Sunday, July 19, 2009

Isn't This Era Over?

I visited a developer's website today looking for information on a new local PRC (Planned Retirement Community). The following image is from their featured project, a 55+ community on Long Island (company's name removed):

When is this era going to be over? I see about a thousand things wrong with this picture, and I'll detail the most egregious:
  • Isolationism, in this case for retirees. The project is geographically isolated from anything besides other homes, and some light industrial uses. It has no amenities whatsoever within comfortable walking distance, despite the website's bragging about how close residents are to "one of the most picturesque waterside villages on Long Island".
  • Density, in an awful way. The project places 174 units on 28 acres, or 6.2 DUs per acre gross, far denser than the typical for Long Island. The project replaced a single light industrial business and some virgin forest. This places approximately 300+ residents about 1.7 miles from a downtown and 2 miles from any supermarkets. At least most of them are no longer commuting, as job centers are much, much further away.
  • Deceiving arguments to dupe locals. In a 2002 article about the zoning charge from industrial to residential, the developer argued that "the development would reduce commercial traffic" as homes instead of as the larger industry that could have replaced the smaller one on site. Great argument - instead of the 50-100 workers commuting to and from work generated by the would-be new industry, we have 174 units with upwards of 300 cars leaving all day long to: go to work, go to the supermarket, go to the doctor, go to the drug store, go out to dinner, go to a movie, go to a play, go to the beach, etc., etc., etc.... but I bet that's still less than the one industrial business would have produced.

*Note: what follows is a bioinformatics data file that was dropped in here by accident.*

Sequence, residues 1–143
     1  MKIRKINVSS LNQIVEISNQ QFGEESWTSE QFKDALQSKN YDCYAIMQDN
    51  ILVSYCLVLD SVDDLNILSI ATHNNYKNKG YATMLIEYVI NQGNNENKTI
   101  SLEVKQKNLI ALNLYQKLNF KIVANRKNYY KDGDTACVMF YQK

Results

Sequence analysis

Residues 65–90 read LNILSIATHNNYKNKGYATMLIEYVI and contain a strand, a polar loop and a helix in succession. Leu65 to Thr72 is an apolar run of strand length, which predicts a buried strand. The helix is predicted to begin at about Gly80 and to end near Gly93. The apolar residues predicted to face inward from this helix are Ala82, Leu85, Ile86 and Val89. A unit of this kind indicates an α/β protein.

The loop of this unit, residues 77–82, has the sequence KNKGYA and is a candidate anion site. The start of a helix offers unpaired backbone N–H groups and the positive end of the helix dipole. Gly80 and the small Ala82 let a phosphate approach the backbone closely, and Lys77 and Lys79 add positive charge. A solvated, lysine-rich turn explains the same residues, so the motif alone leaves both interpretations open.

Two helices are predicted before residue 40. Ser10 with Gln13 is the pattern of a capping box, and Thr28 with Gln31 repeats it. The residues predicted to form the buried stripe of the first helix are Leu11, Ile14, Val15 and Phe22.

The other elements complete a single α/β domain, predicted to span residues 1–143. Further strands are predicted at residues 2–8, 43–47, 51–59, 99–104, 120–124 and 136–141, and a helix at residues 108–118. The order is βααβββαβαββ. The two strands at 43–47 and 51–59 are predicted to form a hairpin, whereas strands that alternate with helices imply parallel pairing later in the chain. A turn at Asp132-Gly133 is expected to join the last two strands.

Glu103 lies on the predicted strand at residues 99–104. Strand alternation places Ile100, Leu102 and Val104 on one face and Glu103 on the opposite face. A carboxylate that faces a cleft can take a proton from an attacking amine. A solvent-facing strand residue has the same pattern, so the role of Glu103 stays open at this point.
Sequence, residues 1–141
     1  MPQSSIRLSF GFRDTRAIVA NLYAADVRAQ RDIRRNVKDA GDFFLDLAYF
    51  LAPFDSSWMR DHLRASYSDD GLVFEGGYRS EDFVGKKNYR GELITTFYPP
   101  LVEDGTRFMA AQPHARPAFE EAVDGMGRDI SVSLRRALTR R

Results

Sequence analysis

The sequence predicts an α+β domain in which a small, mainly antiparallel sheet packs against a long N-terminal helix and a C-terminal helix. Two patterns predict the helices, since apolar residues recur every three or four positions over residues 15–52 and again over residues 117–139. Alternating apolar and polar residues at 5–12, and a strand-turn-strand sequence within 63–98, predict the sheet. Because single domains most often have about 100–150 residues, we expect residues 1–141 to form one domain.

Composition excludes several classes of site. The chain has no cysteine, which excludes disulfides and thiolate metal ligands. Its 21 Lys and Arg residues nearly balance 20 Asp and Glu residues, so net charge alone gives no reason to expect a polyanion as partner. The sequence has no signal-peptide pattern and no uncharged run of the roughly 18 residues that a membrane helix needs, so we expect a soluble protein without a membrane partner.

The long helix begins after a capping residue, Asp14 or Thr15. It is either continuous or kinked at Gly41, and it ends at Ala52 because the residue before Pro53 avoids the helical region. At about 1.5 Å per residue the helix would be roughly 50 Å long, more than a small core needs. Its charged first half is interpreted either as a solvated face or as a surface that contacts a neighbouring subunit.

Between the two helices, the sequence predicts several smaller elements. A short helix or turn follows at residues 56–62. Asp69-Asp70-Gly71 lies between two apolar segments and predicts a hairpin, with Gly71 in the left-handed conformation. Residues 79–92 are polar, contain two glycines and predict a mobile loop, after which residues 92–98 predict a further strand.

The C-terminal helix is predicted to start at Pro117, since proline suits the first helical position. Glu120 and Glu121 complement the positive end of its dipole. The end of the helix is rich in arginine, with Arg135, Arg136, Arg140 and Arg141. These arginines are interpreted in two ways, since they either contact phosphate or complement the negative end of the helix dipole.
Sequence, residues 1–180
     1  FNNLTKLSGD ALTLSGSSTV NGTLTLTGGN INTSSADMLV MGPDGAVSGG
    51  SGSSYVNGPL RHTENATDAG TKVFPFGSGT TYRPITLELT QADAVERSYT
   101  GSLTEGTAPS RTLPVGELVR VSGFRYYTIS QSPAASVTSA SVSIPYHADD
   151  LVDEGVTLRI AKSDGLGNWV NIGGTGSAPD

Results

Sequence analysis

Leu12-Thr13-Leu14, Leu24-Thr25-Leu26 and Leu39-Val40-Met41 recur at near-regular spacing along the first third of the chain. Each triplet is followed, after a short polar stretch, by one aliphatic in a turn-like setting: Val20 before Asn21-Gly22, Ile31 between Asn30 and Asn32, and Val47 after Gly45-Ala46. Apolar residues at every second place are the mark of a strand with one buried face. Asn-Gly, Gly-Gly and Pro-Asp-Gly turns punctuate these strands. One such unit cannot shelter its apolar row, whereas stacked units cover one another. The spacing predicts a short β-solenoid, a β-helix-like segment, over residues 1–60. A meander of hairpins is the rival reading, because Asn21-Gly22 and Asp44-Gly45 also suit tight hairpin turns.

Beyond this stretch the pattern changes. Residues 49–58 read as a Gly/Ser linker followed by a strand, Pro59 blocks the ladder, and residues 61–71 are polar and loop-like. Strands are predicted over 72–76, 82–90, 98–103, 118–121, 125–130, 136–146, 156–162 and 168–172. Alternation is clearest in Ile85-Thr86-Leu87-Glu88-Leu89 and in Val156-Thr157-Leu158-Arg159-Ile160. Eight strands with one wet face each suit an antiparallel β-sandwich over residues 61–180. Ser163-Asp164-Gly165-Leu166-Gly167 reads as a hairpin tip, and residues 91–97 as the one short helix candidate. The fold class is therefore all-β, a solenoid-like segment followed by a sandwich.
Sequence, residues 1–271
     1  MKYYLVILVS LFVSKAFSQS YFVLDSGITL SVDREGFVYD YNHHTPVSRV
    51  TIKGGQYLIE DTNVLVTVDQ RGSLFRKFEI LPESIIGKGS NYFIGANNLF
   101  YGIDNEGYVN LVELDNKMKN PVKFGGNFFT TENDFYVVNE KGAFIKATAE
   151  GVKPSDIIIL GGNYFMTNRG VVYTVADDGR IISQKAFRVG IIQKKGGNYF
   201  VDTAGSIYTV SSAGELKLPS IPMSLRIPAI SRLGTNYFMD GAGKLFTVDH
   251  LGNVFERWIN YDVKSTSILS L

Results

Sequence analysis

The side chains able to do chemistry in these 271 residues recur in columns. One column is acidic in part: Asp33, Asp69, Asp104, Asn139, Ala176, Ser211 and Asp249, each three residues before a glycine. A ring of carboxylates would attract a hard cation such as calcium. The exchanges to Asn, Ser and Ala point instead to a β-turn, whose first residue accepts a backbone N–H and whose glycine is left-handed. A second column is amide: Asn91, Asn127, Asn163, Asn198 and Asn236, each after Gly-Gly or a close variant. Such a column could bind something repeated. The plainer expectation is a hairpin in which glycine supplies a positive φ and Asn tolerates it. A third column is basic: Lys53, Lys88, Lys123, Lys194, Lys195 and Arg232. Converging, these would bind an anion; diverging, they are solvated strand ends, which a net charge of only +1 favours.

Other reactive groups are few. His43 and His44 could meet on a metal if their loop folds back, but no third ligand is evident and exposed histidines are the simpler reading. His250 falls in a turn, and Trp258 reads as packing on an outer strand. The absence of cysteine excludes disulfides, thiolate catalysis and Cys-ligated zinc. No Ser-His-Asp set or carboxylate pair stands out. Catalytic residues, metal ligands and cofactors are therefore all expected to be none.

• Concern for the pedestrian falls short. Even though there are "public spaces" and walks for residents around the lakes, there are absolutely no sidewalks along the "streets", which are really parking lots. Good thing nothing is nearby - even if it was, you'd have to hike across the asphalt.
  • Cookie-cutter architecture. All white, three unit types, all buildings almost the same size... does it get worse than this?
  • Blatant Photoshopping!!! You'll have to take my word since I do not want to reveal the location, but the subdivision entrance road does not disappear into green as shown - the two lane local road leading to the neighborhood is only about 100' southeast of the lower lake, and should run diagonally across the lower right corner of the picture (the lower right homes in the picture back up to a small buffer along the road)
Oy ve - I feel sorry for the isolated seniors who bought into this at the height of the market - what's going to happen if, God forbid, they can no longer drive?


  1. Howard,
    I read this today perhaps you've already read it,
    It's interersting that Poundbury is portrayed as a "phony film set" by this particular architect but comforting that the Prince of Wales exhorts the profession to "look back, learn from the past." Old cities, good ideas!